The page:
Raudive: A System Of Objects
Macro's penchant for wonky abstract techno continues apace with the release of Oliver Ho's second full-length under the Raudive name, A System Of Objects. Those with a soft spot for Stefan Goldmann's Macro output will find much to like about Ho's set, too, which arrives three years after his previous Raudive collection Chamber Music. Ho brings an amplitude of experience to his productions: active since the ‘90s, he originally established a name for himself with a series of techno releases on labels such as Cocoon, Pokerflat, and Blueprint before shifting gears with the 2006 birth of his Raudive alias and a comparatively more experimental take on the genre.
That Ho is hunting different game than the standard club animal is clear from the first moment when “Feral” scatters a number of bird chirps, voice samples, and strangulated sax bleats across a skeletal rhythm bed. The cuts that follow indicate that the Raudive sound is a curious mixture of the primitive and the sophisticated, with percussive found sounds as integral to the material's character as contemporary production methodologies and drum machines. “Visitor,” for example, grounds metallic percussion and raw vocal-like accents with a pulsating, synth-smeared techno pulse, resulting in a track that includes as much natural sound content as manufactured.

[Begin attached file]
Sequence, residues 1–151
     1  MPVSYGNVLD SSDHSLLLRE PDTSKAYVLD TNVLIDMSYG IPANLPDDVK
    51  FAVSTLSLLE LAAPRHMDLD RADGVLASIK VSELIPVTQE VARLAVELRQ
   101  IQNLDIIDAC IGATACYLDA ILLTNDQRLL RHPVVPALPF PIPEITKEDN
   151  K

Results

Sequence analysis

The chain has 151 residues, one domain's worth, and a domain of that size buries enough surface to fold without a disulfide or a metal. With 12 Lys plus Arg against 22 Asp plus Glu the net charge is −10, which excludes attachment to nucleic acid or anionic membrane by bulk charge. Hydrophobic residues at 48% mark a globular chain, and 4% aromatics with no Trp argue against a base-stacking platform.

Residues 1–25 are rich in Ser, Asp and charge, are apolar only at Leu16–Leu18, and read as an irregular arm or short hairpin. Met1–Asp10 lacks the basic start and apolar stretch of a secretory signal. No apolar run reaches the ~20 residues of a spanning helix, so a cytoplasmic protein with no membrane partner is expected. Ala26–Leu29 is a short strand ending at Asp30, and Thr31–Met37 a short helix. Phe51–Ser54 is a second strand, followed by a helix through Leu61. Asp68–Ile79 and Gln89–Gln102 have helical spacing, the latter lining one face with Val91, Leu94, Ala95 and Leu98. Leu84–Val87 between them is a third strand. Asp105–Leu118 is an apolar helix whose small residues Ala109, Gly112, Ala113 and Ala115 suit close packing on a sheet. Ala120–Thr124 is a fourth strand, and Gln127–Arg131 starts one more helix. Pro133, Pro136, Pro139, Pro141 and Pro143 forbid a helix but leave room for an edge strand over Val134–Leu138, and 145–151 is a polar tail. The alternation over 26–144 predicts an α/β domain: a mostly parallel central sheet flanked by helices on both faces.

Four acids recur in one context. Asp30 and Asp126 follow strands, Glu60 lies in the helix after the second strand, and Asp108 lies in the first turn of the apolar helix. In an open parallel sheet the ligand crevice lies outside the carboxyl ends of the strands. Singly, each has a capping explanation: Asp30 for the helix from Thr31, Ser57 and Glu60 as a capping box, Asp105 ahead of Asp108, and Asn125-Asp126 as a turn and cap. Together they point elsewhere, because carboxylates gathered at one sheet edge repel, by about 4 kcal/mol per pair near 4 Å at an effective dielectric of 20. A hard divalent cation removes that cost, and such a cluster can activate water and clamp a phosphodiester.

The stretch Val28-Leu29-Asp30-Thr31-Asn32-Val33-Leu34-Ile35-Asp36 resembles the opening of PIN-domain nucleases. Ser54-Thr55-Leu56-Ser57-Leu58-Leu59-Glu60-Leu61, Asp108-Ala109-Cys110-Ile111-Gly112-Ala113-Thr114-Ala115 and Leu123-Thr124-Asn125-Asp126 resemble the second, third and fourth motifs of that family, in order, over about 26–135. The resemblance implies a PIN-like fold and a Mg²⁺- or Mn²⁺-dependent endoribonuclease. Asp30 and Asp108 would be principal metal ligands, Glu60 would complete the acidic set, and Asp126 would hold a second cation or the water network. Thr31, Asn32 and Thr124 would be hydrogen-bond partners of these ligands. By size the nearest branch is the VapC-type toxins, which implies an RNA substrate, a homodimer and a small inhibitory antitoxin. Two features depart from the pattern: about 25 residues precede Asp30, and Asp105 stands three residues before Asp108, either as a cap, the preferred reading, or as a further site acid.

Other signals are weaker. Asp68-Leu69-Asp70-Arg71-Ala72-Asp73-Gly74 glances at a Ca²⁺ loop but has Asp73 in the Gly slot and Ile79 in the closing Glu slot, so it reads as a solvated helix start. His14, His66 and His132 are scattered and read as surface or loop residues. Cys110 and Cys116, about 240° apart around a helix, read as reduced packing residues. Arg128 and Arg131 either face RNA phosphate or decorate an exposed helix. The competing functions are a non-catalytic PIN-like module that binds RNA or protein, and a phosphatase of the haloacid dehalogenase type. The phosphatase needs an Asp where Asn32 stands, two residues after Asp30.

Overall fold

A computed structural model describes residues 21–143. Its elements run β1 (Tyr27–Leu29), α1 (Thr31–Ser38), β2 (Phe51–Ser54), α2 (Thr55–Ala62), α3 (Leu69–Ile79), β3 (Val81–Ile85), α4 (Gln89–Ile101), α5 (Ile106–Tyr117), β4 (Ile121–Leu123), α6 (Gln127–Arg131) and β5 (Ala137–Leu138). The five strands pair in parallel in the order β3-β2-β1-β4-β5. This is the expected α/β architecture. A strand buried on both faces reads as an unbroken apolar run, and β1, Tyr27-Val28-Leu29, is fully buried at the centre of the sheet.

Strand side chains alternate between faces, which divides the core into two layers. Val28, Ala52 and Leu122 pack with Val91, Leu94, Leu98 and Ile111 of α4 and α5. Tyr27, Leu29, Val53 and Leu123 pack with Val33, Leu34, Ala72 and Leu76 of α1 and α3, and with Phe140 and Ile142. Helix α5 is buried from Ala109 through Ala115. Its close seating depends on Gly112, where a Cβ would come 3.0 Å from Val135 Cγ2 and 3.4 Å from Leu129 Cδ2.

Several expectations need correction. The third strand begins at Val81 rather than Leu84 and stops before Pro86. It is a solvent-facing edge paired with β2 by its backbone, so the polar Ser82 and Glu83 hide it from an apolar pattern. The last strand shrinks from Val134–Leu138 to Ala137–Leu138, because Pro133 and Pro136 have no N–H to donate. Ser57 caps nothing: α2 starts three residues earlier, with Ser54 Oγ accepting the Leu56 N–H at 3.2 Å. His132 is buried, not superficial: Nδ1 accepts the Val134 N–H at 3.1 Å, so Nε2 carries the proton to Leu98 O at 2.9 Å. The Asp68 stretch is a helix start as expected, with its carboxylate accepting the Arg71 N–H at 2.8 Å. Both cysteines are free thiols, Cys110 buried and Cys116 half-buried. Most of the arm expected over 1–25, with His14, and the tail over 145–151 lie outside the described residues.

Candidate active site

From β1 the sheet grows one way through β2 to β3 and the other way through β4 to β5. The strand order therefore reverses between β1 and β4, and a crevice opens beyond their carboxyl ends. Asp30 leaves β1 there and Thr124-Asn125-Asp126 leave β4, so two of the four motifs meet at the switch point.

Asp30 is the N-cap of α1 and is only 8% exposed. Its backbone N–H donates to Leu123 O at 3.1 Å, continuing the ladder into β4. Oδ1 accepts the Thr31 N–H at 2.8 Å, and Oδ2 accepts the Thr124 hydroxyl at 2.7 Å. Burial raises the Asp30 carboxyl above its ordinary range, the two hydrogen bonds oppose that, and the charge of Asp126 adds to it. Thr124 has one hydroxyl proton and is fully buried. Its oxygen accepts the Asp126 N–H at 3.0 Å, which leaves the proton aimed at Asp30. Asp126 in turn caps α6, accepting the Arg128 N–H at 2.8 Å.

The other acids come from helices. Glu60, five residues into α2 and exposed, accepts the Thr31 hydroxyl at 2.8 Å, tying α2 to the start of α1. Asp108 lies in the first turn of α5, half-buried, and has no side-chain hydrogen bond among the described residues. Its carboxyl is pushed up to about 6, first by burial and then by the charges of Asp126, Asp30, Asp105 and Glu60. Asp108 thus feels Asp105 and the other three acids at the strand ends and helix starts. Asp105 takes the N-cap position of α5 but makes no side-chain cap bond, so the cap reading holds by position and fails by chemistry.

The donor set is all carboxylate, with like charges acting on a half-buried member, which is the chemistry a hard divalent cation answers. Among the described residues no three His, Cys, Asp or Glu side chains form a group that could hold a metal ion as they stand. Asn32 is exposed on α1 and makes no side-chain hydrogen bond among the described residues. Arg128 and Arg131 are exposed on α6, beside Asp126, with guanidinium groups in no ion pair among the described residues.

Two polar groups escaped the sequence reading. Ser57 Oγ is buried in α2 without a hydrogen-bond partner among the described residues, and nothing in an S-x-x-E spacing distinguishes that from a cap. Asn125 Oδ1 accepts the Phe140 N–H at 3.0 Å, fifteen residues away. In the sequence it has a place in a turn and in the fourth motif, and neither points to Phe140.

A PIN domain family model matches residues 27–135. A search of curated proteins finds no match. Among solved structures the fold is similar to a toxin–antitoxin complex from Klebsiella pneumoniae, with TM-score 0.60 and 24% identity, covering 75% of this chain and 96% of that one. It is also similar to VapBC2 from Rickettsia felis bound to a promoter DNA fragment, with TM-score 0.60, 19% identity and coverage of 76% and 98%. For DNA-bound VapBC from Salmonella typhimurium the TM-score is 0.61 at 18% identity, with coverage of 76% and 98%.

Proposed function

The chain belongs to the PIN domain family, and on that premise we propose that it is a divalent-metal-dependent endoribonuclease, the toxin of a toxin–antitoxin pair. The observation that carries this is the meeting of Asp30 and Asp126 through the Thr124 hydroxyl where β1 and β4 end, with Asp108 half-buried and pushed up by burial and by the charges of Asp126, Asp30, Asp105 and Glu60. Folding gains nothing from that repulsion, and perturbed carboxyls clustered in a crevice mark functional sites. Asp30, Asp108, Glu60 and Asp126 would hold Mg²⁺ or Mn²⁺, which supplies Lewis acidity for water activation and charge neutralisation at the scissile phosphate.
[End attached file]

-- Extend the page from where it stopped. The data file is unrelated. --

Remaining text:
That future-primitive dichotomy imbues many of the fourteen tracks with a tension that isn't unwelcome—if anything, it's what most gives Ho's Raudive sound its distinguishing character. In that regard, dance rhythms transcend their purely functional body-moving purpose and become the means by which ritual dance traditions are evoked. A System Of Objects isn't without its clubby moments, however, as shown by “Ruins,” whose slinky, bass-powered groove and off-kilter synth stabs bring a serious club vibe to the recording, and “Floor,” whose title seems apt in light of the pounding bass pulse that provides such kinetic drive. That there is an anthropological dimension to the project doesn't mean there isn't room for the material to bounce, which it does during “Missing in Action,” to cite one instance, when it's not serving up exotic excursions like “Blood and Hair” and “Fragments.” The hour-long set also ranges widely, so much so that it even includes a foray into ‘70s No Wave in “Furniture,” a punk-funk workout whose sax and vocal babblings call to mind a time when figures like James White and the Blacks, DNA, and Lydia Lunch roamed New York City's club stages.